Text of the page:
‘Gah! That was my excuse!’ My fork finds its way to her cake; I inhaled mine and she‘s too busy consoling me to eat. She looks thoughtful for a moment.
‘Even at college me and Chilii knew you’d be off living abroad.’
‘Aye, and you upped off first, to Paris’. I shout down the phone. ‘Did either of us think it’d take me this long? My parents moved out the country before I did. And I’ve not left yet!’
‘We knew you’d not be cut out for the backpacking lark or a GAP year tramping about in the same clothes until they fall of your arse. And you’re definitely not going to get the chance to live in Paris, in luxury, for six months as a teacher. You’re doing this in style, your way, and you don’t need to follow anyone.’ Chilli educates me over the phone.
‘What about Madoc?’
‘Oh, so he’s not a bastard, arse or a fuckwit anymore?’ Lauren interrupts. Only Lauren and Chilli can be this abusive with my emotions.
I shake my head.
‘He basically talked me into it. Even when the uni accepted me and I got all excited I still wasn’t convinced I’d leave Manchester. And Asia?! I’ve not even bought a guidebook! What the fuck am I doing?’
‘You’re going to have an adventure for all of us. And you’re going to make him wish he’d gone with you. And you’re going to make us all very very jealous because you’re doing something fun with your life while we do the eight-to-five thing.’
‘Oh, it’s fun when I’m doing it, but petrifying if you have to board the plane?’
‘You know what I mean.’ Lauren blushes. I do know what she means; she doesn’t even own a passport.
Chilli rants down the phone, ‘Look, take it as an extended holiday. Get on the fucking plane, see what the accommodation is like, eat some Chinese, get a tan, well, get red in your case, and come back if you’re too lonely. You can get to fucking Sydney and back in two days you know. China’s not the end of the world.’
I nod, but know she can’t hear me. Lauren takes the phone from my hand while I finish my Mocha, I hear her saying she’ll look after me and see the phone go back into her bag.
‘Come on; let’s go buy you a book.’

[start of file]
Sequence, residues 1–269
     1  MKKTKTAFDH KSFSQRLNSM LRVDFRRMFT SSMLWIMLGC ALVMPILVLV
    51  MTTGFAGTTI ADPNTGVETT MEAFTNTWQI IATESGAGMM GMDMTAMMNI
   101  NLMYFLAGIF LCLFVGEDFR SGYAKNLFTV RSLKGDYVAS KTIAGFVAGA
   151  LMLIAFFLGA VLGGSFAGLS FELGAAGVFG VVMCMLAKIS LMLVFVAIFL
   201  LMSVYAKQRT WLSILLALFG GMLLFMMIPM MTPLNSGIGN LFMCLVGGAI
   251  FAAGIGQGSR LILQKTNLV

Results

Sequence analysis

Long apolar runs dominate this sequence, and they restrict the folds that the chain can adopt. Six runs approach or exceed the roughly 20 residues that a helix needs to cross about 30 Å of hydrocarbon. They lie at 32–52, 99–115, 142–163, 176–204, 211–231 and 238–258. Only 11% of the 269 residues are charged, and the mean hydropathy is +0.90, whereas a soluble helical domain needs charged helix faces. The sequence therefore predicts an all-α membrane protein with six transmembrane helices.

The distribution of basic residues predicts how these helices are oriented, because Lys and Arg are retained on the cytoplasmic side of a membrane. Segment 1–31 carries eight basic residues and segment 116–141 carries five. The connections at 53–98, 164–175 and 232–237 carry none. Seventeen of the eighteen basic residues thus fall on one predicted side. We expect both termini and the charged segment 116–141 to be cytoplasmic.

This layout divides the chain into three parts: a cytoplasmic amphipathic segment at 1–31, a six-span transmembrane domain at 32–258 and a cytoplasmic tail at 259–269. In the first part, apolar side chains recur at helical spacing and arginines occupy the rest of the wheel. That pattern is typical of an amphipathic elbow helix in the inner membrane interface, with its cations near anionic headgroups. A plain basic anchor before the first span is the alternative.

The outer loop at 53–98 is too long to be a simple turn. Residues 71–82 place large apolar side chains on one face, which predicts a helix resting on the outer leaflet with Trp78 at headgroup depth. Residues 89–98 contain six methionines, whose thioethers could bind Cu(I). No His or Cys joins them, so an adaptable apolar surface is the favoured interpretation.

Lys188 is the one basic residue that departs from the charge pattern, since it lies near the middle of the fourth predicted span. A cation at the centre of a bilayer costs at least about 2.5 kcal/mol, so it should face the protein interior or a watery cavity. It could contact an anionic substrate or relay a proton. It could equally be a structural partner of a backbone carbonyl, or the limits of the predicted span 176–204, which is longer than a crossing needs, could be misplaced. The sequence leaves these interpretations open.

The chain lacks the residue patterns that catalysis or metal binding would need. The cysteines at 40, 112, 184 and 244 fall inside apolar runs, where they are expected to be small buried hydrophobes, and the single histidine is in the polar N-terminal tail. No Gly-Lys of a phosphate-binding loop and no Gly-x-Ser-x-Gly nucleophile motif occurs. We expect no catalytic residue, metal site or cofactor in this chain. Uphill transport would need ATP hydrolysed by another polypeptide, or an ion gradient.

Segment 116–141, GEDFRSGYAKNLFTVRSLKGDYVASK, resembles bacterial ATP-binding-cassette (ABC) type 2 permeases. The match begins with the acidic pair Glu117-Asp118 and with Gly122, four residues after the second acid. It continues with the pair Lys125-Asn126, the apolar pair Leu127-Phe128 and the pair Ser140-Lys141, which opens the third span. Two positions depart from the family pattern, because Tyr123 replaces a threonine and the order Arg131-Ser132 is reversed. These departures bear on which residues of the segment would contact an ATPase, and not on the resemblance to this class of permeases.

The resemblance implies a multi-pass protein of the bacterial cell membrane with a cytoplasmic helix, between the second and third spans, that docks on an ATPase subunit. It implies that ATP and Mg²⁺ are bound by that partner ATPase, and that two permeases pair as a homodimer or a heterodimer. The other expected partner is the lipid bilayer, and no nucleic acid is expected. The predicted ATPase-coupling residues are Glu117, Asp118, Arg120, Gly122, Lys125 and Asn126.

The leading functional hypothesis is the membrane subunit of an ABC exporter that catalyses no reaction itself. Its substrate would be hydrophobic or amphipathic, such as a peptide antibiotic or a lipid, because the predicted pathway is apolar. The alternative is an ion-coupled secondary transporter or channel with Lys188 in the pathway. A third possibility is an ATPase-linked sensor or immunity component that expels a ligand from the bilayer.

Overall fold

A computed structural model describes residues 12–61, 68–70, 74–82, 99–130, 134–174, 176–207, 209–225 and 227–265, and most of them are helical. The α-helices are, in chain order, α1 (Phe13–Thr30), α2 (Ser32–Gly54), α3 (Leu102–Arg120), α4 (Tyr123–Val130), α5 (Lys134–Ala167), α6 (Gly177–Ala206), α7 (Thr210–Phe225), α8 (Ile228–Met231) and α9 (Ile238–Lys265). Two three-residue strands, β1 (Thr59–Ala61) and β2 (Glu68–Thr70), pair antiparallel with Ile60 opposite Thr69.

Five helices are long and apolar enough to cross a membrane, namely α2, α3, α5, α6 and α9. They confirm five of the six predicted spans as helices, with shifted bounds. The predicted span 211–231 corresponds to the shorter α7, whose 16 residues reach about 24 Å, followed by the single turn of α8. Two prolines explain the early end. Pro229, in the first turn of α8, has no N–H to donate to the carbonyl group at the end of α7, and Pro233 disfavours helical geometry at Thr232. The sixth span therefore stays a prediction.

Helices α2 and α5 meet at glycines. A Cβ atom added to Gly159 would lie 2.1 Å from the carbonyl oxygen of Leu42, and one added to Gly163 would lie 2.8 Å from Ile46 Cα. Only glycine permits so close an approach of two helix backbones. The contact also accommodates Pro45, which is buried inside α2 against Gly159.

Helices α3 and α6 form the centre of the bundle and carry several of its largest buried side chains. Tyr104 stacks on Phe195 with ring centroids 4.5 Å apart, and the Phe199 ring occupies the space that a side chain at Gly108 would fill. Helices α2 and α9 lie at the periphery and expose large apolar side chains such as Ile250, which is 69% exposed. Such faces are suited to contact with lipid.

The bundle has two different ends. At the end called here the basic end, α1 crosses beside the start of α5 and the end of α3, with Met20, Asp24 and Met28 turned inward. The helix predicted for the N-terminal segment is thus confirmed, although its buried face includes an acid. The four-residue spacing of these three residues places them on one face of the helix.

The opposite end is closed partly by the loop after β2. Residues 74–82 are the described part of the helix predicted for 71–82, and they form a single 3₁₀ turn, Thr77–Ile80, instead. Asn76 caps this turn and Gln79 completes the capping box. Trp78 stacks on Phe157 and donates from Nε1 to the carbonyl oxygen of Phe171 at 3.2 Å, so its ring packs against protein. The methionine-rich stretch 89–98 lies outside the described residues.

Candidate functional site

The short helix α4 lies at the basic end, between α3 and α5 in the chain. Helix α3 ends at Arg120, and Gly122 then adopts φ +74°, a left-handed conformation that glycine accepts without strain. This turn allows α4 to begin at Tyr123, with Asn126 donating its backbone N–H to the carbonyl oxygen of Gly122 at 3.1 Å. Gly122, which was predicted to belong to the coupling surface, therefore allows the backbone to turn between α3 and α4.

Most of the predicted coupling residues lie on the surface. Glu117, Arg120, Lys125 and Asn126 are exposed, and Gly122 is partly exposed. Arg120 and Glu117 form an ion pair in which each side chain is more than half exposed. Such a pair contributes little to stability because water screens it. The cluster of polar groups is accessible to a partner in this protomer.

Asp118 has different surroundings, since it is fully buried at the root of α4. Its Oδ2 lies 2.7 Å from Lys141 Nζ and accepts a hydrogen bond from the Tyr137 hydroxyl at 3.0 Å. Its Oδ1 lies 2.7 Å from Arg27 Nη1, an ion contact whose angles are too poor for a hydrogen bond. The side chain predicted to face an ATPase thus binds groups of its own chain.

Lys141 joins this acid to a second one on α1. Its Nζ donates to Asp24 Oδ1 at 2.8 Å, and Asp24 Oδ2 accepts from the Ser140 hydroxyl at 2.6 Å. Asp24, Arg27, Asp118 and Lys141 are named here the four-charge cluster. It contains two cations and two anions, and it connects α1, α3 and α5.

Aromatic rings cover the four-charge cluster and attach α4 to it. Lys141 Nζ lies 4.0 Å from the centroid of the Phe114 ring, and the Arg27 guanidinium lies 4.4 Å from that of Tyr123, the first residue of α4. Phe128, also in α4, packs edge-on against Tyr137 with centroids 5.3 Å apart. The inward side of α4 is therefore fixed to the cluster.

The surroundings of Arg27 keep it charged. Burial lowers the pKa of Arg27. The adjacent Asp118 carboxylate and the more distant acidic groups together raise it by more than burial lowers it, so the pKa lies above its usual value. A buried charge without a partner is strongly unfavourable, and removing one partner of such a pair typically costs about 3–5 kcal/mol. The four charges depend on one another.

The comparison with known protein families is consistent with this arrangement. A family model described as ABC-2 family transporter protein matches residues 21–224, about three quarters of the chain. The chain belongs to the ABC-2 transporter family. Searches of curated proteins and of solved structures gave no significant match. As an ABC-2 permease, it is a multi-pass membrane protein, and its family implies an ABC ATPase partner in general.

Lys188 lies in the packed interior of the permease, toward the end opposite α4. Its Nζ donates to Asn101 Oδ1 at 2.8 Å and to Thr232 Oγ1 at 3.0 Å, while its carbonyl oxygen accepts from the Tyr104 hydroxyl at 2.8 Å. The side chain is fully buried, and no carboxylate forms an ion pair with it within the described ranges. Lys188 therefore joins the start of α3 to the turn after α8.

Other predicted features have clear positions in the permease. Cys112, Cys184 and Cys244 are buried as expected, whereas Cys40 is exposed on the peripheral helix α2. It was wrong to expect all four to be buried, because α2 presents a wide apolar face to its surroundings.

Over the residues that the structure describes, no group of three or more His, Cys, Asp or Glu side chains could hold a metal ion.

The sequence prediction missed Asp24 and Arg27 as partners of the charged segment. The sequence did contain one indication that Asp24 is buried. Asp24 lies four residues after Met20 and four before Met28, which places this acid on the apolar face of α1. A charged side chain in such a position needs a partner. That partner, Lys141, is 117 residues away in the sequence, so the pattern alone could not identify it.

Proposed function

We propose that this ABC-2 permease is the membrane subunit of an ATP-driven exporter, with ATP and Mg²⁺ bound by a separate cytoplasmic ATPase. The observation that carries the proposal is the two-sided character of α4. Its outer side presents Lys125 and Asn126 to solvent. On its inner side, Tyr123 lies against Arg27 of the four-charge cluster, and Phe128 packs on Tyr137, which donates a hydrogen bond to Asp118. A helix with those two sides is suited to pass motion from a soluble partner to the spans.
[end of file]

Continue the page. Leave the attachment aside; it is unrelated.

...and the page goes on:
‘Oooh, and new shoes?’ I feel alive for the first time this afternoon. ‘You said I’d do this in style!’
‘Sure. But you’re buying the shoes.’
A few mind-numbing hours of shopping, albeit in the Trafford Centre, can’t help me to forget that my immediate future looks precipitous. The M&S food hall fooled me for a short time into thinking everything was okay; I intend to make lasting memories of their cookies and ice cream, duck noodle Thai salads and any gooey pud they shelve. At least I can Count on them.
Lauren dropped me off a few minutes ago and now I’m alone in my flat, Madoc’s Lonely Planet China eyeballing me from our kitchen table. He’s not coming to China, is he? He spent hours pouring over that bloody book, shouting out odd, well, Chinese-sounding names, how we were going to end up in these tongue-twister towns. At least Lauren bought me a Rough Guide. I don’t think the towns will be different, but I won’t immediately see him each time I look at the book.
I sink onto a padded chair, gliding my palms over the kitchen table. Oh shit, it’s not our table anymore either. A solid oak, proper kitchen table that looks ridiculously large in our made-for-two-teeny-people kitchen. But it was handy for all the marking, for the school production of Grease (costumes and decorations committee fouled up and I spent three sleepless nights making sure the production didn’t need an 18 certificate). It was also good for one or two other things which definitely needed an 18 certificate. Who will it belong to once the keys have been returned? Who will keep it alive?
I lay my head on the table and add another function to its list: bed.
‘Hi, it’s me.’ I’m slumped onto an airport waiting chair, surrounded by bags.
‘Celeste. I’m so glad you called.’ I had to hear him again; he may still catch the next flight out once he knows I’m really going to China.
‘What, you’ve changed your mind?’
I know what that silence means. He’s still going to Bolivia and I’m going to China alone.
‘I don’t want us to part like this.’
‘I don’t want us to part at all. When do you go?’
‘Three weeks. It’s a great-’
‘Opportunity. Yeah, somebody told me something similar a short while back. Just involved a different continent.’
‘Take care of yourself out there.’
‘Oh, don’t worry about me. I’m gonna be fine.’
I don’t know what this silence means.
‘Anyway. I gotta go. We’re boarding soon. I’m boarding soon.’
‘I love you, Celeste.’
I hang up and clutch the phone as though it’s him.